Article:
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Setting: Preferential Seating

How to use preferential seating to accommodate assessment.
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Setting: Preferential Seating

Related References
Types of Assessment


Guiding Principles
Case Studies
DescriptionPreferential seating may include placement in the classroom (e.g., up front by theteacher, away from a distracting doorway or fan, facing the wall) or in a separatedefined area such as a study carrel. Preferential seating may be implemented in thesame room as other classmates, or it may be located in a separate setting.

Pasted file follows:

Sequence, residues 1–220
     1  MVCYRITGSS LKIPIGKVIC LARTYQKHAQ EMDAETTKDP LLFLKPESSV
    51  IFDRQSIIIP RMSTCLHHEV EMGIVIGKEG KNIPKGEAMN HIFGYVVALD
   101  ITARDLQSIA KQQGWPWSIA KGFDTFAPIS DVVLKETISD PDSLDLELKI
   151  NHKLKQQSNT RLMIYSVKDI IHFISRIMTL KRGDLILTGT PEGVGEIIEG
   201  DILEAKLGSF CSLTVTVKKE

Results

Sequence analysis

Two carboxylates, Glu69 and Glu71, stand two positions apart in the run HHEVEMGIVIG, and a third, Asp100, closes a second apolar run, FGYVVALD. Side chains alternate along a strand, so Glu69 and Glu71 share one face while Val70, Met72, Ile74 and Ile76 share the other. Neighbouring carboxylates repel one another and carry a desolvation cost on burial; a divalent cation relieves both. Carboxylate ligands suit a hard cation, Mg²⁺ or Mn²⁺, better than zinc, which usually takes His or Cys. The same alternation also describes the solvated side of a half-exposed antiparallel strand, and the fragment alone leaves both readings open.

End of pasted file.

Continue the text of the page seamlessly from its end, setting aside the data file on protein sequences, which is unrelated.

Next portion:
1. Review the room and identify all areas that may create distractions or provide bestplacements for individual students.
  2. Before asking a student to test in a location,make sure that both you and the student have tried to work in the space for anextended period of time.
  3. While a student may work well in a studycarrel during regular instructional activities, he or she may not do as well during anassessment.
  4. While a student may work well in the front row during instruction,your presence at the desk may prove distracting for the student during a test situa-tion.


Students should be comfortable in special placements during assessments. Take careto ensure that the preferential seating is not perceived as punishment.

Excerpted from Assessment Accommodations Toolkit.

Provided in partnership with The Council for Exceptional Children.

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